An M Files reader asked about the difference between SMS, WAP and J2ME applications, so let me start by explaining the SMS versus WAP approaches for developing a sample mobile application, say movie ticketing.
The SMS Approach
For the SMS approach, we need to develop an application that will receive SMS commands and respond via SMS. To select the movie, cinema and showtime, the user will need to send and receive SMS messages in a conversational manner based on menus, like this.
User: buy movie ticket
System: Select a movie: <11>Harry Potter <12>Spiderman <13>The Simpsons Movie
System: Select a cinema: <21>North Mall <22>South Mall <23>East Mall
System: Select showtime: <1300> <1530> <1730>
System: You have selected Harry Potter, South Mall Cinema at 5.30pm. Enter your credit card number, expiry date (MM/YY) and name.
...and so on. Notice that it becomes quite tedious to use because you need to wait for the system to respond to each command. Because SMS delivery is not guaranteed to be reliable, problems may happen -- What if an SMS message is delayed, or lost during transmission? If you provide this SMS ticketing service, you will have to bear the mobile operator charges for sending SMS messages to the users.
The WAP Approach
A WAP application is very similar to a web-based application; they are both browser-based applications. Often the same development tools are used, such as Microsoft Visual Studio. With the WAP approach we need to develop an application with minimal screen space in order to fit the tiny screens on most mobile phones. In WAP the above transaction looks like this:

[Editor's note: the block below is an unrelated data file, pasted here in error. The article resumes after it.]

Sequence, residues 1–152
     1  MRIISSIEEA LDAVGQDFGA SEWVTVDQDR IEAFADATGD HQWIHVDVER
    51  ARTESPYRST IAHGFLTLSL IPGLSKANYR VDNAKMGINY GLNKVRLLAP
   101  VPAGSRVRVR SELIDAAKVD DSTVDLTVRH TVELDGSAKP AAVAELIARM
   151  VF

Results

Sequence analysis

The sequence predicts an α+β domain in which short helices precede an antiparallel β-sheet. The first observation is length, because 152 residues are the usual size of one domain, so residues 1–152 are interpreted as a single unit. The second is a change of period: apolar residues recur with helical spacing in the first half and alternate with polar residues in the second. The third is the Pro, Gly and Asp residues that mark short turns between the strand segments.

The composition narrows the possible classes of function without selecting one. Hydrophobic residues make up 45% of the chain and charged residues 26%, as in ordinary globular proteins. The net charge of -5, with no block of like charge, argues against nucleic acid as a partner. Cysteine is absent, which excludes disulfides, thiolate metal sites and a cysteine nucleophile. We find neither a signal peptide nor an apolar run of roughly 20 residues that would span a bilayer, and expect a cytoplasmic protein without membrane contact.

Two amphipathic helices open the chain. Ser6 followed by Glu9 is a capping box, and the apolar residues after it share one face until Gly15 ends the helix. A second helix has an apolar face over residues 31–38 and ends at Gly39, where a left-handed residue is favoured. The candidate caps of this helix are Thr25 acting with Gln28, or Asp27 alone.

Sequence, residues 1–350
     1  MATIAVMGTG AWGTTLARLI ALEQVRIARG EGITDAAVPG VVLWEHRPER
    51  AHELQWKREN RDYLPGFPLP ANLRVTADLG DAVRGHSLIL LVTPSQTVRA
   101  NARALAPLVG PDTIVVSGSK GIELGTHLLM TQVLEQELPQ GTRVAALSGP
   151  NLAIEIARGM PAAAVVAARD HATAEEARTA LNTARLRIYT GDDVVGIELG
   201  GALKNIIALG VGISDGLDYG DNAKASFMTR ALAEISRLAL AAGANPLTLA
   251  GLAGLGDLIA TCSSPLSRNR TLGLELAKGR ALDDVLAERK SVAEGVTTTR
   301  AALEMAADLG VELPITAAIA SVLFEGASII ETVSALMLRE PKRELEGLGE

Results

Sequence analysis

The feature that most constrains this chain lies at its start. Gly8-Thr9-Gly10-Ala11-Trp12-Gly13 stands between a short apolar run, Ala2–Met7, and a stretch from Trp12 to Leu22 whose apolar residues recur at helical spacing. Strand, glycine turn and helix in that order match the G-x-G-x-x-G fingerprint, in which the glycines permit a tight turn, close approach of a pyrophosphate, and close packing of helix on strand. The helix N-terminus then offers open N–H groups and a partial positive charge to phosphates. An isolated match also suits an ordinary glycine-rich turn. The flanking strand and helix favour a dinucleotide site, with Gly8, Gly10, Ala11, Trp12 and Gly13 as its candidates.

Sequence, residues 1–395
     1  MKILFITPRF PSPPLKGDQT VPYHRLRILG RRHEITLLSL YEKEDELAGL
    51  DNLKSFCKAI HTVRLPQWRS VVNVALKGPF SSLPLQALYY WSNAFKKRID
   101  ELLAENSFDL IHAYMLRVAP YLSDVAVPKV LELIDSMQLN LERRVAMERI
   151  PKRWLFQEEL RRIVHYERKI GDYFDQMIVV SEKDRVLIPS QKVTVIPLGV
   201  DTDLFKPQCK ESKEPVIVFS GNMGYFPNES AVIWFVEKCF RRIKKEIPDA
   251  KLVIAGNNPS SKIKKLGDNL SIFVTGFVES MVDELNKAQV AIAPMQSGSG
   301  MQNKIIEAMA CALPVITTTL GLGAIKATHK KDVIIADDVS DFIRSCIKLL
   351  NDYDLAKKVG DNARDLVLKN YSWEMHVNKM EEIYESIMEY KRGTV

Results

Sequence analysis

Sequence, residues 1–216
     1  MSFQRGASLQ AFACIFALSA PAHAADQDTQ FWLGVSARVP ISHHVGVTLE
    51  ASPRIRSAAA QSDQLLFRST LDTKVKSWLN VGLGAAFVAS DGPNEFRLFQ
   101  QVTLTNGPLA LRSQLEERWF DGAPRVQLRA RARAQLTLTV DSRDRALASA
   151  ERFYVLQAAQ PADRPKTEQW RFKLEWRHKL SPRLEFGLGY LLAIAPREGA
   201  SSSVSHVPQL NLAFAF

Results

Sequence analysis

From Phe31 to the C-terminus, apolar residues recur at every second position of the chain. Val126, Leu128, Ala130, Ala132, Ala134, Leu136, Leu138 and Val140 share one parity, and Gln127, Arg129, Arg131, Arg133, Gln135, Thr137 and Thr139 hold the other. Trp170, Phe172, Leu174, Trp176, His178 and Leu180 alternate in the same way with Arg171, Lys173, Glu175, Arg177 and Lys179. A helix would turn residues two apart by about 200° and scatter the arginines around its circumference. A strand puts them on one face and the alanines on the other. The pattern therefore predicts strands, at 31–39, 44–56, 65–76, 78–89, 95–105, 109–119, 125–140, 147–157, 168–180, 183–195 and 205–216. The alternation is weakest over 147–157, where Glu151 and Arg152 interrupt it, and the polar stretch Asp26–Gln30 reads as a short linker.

User clicks on the WAP browser on the phone, enters a URL to our WAP site. The WAP site displays:
"Select a movie:
- Harry Potter
- The Simpsons Movie"
User presses the joystick/navigation keys to move the cursor to "Harry Potter" and clicks it. The WAP site displays:
"Select a cinema:
- North Mall
- South Mall
- Each Mall"
User presses the joystick/navigation keys to move the cursor to "South Mall" and clicks it...
I won't cover the rest of the transaction, but as you can see the usage process becomes a lot simpler with pointing and clicking, just like you would do with a web browser on your PC. WAP also supports simple forms, so the user may easily enter the credit card information into properly designated fields -- with SMS the user needs to remember the sequence of fields and their input formats. WAP offers better security -- the credit card information may be transmitted to our server via SSL encryption.
In summary, SMS is great for alerts and very simple applications, otherwise you should use alternatives like WAP and J2ME. Stay tuned for my next post in which I'll discuss WAP versus J2ME.